People Profile | David Sutton - From the London College of Art to the Heart of Australian Medtech
IDE Connect talks to Senior Product Developer, David Sutton about his journey through industrial design and some of the twists and turns that led him to working on world class product design and development projects with ide Group.
IDE Connect: How did you get to where you are today, working for IDE?
David Sutton: After high school I decided I wanted to be a fine artist and went to UniSA to study painting, photography, sculpture, etc. However I realised pretty quickly that I was missing something; there wasn’t enough rigor in it for me. Soon after, I discovered industrial design by chance. I stumbled across a fellow student in one of the shared computer labs retouching a photo of a product model that he had made. I thought it was amazing. Before this, I'd never been exposed to, or really thought about how products were created. It was a big change in understanding for me. At the end of the year, I switched degrees to study industrial design and I’ve never looked back.
After several years working on B2B electronics in Melbourne and furniture design in London, I pursued a masters degree at the Royal College of Art in London. During this time my understanding of manufactured product further evolved to where I began to more clearly understand design as a medium for communication. Following my masters degree, I worked on consumer electronics and IoT projects for several years in both London and New York before eventually moving back to Australia and pursing a role with ide Group.
IC: What attracted you to the role at ide Group?
DS: A strange thing happened to me when I moved to New York. I got bitten by the entrepreneurial bug. I wasn’t starting my own company but I was working with a startup, and that was really exciting. Thinking back, a lot of the excitement was driven by being aware of the distinct direction for the company. There was a clear ambition and that made going to work very easy. It also made working with others in the team easy because there was a clear message guiding what we were there for and how we were going to go about doing it.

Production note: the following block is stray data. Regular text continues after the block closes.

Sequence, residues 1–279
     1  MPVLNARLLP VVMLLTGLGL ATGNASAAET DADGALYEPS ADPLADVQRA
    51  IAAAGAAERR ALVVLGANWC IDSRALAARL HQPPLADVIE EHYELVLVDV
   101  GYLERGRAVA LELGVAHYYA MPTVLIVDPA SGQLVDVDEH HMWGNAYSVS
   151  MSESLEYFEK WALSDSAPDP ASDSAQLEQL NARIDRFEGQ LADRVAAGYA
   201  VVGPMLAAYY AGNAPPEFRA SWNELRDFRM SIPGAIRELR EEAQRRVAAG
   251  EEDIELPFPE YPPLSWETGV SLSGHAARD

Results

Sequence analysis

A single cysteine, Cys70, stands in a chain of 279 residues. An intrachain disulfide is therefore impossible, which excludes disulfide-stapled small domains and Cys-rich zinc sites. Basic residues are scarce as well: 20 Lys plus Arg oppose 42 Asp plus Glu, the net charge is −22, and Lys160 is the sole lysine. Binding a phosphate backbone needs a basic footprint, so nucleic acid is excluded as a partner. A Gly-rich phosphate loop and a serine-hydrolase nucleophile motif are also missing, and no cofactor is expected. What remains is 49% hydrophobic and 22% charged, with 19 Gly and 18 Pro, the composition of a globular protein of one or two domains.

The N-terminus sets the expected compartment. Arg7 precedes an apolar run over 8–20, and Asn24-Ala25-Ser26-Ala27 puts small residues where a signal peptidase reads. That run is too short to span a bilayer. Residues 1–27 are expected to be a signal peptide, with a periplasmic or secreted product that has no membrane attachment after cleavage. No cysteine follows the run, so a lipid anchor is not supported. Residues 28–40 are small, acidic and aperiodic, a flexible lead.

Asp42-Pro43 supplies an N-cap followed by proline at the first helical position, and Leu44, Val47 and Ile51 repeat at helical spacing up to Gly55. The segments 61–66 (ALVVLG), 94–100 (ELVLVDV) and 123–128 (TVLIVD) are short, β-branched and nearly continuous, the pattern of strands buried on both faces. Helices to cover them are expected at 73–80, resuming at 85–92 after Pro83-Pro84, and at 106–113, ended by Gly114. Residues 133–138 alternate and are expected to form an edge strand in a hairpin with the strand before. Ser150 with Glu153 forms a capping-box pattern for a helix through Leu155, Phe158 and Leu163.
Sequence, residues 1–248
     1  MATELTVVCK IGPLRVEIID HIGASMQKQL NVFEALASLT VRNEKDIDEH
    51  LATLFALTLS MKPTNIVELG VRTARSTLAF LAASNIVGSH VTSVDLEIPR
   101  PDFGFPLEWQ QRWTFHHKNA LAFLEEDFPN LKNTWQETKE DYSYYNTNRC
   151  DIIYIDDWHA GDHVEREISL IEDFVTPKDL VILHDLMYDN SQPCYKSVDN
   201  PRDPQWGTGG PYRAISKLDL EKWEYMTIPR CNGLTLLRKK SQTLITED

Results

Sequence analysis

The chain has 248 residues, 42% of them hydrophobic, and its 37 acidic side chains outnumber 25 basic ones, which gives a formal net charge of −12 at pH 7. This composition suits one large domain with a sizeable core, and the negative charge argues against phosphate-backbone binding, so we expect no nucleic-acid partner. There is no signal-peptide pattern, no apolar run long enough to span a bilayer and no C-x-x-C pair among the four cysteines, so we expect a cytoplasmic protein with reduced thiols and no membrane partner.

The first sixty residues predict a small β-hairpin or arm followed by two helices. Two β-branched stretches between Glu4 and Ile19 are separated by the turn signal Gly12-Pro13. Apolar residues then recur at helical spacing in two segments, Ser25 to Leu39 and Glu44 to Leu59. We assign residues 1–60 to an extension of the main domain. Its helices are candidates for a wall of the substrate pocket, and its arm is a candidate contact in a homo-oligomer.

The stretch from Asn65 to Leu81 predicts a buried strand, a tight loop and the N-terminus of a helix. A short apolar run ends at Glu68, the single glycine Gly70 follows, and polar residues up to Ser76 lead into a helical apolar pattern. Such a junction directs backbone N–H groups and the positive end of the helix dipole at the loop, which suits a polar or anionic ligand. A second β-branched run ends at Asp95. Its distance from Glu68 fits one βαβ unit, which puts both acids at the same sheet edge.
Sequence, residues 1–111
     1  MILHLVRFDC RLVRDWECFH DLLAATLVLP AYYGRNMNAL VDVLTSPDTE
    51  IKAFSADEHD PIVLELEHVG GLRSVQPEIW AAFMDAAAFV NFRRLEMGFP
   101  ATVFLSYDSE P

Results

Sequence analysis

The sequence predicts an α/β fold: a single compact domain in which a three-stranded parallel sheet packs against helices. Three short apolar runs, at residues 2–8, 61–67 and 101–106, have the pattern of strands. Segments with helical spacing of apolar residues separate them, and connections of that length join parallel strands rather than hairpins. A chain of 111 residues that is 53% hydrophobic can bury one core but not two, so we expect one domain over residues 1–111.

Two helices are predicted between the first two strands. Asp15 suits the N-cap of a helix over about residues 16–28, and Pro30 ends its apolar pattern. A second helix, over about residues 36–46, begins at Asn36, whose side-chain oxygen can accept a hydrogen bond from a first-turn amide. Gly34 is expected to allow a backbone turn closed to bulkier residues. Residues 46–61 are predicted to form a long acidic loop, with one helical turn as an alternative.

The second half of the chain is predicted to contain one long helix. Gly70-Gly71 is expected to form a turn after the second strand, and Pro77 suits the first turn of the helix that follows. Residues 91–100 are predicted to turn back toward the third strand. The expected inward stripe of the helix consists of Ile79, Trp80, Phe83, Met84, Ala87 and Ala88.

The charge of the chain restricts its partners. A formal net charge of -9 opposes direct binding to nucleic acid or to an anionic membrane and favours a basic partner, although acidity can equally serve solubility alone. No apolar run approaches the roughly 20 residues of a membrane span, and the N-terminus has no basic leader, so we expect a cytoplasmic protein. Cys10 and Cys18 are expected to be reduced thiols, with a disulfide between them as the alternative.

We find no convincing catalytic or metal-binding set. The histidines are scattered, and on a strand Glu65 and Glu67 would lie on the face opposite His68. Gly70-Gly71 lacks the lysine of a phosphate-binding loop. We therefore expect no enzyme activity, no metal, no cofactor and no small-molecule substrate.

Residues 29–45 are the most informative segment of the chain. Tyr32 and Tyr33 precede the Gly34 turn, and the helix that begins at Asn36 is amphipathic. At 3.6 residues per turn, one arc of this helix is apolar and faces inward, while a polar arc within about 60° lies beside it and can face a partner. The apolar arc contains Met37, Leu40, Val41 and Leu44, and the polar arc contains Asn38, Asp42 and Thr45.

I got similar energy from Richard and George and that made me really excited to come and see what was happening at IDE. After finding out more, I really connected with the philosophy for the company. There’s a clear vision for a way of doing things at IDE, and that really appealed to me.
IC: What’s the biggest challenge facing designers working in the medtech industry?
DS: There appears to be a shift toward the consumerisation of health. People are taking a much more active role in their own health and care. People are more aware of what’s available to them and I think that will only continue to increase.
I think the biggest challenge for designers is understanding this new, evolving landscape and finding ways to create meaningful and valuable products within that. It’s not necessarily about the technology anymore, it’s about the difference that it can make.
IC: What excites you most about the future of medical device design and development?
DS: The ‘designer’s biggest challenge’ is what excites me most. Making discoveries and connections, having the opportunity to create something truly valuable is really exciting.
The project that I am currently working on (Atomo Diagnostics Rapid Test) is a product that has to clearly offer and communicate its value. Not just for the people using it, but for all stakeholders. This includes medical practices, NGOs, manufacturers, distributors, etc. I think out there, in the greater world, that’s not always thought about as often as it should be. The people interested in the positive outcome of a product is a lot wider than what’s often discussed.
I think one of the great things about the way ide operates is the awareness and commitment to creating value for a product’s entire stakeholder landscape. At ide, it’s always front of mind that a product needs to satisfy not just one stakeholder (the user), but every stakeholder along a product’s life cycle.
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